It is not very clever of the Manufacturer not to mention the secundary transformer core voltages with a information sticker of some sort, and it therefore is remarkable that you did menage to find the maximum primary winding voltage.

    Also this "transformer designed to work round the clock part thing" is very interesting since the price of the necessary extra wire length for the extra turns would be close to nothing!
    But because you also explained the second possibility to use thicker wiring, than it will be more costly of course.

    Until that part I understood every word, and the formula's you used I probably had seen before very long ago. But everything you wrote after this is completely new to me and I will keep your article as concise information about transformers!

    I only ask myself what your famous local Transformer constructor is using for chemical bath when he starts dismantling any old core. And how far he takes this alignment of the laminations thing. And what paper and glue he will be using to finalize the windings on the transformer core.
    And I know that in Amplifiers they also often use a special metal mantle (Copper or Mu metal?) to cover the complete outside core of the transformer in order to eliminate the 50/60Hz AC frequency coming into the amplified audio channels.

    Paris, thank you again very much for taking the time in explaining this difficult task of analyzing a Transformer.
    I only can conclude in saying that you are a remarkable Great Transformer EXPERT !!

    • Albert van Bemmelen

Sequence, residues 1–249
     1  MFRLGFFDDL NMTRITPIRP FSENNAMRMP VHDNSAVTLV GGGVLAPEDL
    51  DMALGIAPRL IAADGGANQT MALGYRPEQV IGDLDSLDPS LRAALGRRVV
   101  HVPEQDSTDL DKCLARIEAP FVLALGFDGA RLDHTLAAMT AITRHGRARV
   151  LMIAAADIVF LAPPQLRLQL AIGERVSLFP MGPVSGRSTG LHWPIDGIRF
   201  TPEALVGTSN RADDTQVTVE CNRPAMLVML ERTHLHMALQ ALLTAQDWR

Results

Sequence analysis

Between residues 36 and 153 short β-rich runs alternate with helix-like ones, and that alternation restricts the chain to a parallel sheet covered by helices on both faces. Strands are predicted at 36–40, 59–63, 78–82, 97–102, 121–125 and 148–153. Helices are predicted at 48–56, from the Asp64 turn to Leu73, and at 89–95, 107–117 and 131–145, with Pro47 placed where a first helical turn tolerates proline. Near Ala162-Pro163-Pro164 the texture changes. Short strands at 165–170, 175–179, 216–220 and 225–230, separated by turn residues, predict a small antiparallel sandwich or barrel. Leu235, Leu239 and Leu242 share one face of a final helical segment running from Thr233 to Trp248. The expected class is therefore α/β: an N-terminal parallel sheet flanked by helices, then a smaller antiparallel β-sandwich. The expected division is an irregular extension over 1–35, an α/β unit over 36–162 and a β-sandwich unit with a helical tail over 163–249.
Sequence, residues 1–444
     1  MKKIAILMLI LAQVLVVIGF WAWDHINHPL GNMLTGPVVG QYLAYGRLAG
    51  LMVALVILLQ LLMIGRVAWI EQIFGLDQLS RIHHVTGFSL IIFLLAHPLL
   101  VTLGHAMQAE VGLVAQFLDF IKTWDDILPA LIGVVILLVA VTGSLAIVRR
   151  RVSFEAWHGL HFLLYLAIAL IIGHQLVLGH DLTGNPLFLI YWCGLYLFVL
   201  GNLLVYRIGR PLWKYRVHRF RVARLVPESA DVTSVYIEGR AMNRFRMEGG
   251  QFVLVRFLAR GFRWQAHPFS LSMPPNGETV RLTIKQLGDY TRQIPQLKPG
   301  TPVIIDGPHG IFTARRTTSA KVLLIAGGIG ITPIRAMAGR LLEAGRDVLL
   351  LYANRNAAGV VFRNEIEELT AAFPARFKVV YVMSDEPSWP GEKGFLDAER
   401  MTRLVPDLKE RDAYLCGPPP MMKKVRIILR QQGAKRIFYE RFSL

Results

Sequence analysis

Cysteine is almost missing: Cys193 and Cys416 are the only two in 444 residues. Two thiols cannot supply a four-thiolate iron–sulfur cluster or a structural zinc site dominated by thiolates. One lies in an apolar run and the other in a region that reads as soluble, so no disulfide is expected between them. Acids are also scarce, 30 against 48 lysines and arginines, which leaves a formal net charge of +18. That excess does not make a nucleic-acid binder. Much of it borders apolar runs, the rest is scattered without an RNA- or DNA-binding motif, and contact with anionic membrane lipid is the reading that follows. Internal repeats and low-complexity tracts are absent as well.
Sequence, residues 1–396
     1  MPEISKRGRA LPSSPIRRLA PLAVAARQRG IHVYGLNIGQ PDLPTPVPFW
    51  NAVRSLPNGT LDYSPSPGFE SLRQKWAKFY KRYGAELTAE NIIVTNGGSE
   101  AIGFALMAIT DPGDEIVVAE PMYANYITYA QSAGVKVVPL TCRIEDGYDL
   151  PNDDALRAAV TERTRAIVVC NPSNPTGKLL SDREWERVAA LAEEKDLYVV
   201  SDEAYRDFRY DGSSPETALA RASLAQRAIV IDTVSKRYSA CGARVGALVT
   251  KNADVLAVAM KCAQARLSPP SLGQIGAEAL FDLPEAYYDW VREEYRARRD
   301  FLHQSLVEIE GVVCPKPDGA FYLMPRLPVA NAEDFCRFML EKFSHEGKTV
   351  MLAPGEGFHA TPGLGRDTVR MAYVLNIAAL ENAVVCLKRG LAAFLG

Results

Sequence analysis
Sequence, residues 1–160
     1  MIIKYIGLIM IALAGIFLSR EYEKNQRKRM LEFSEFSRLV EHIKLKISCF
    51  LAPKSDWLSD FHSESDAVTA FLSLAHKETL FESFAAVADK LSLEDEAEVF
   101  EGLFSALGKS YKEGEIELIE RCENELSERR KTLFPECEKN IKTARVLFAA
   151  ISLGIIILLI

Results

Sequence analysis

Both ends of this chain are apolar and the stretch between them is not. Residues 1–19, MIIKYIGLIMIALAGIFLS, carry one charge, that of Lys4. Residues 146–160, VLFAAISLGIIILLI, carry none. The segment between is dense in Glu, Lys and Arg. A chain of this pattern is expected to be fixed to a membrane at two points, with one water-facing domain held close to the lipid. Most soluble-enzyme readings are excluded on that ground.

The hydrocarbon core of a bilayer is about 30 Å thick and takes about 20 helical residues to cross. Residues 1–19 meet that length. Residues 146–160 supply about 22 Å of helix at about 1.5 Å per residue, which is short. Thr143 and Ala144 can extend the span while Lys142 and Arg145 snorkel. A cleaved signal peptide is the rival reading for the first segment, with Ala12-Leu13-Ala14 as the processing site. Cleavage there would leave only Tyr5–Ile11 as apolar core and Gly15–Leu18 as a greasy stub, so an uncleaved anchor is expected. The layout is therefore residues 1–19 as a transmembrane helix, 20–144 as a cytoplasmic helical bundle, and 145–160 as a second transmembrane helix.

October 24, 2015 at 3:45 pm

      Hi Paris, I've still got a material question left. Something that I wondered about all along, but that still wasn't physically mentioned. If the famous local transformer is able to re-align the transformer core, after this special chemical bath, is he then also able to open up the core? I mean: Can he then also remove the primary and secundary coils from the core, Without unwinding them first? Seeing your photo of the transformer it looks like he can. And both the primary and secundairy windings are wound on a separate plastic bobbin. That looks detachable. Since the core looks like a M that is closed at the bottom by a single underline.
      And if you've ever done this task succesfully at home by heating the core to a temperature were the Glue gets kind of liquid? Sorry I ask, but I've also never build one before. And this 'Core' part somehow wasn't mentioned.

      • Paris Azis

        October 24, 2015 at 4:49 pm

        Hello Albert

        Yes, after the chemical dissolving bath it’s much easier (and of course easily feasible) to dismantle the core by removing its laminated elements.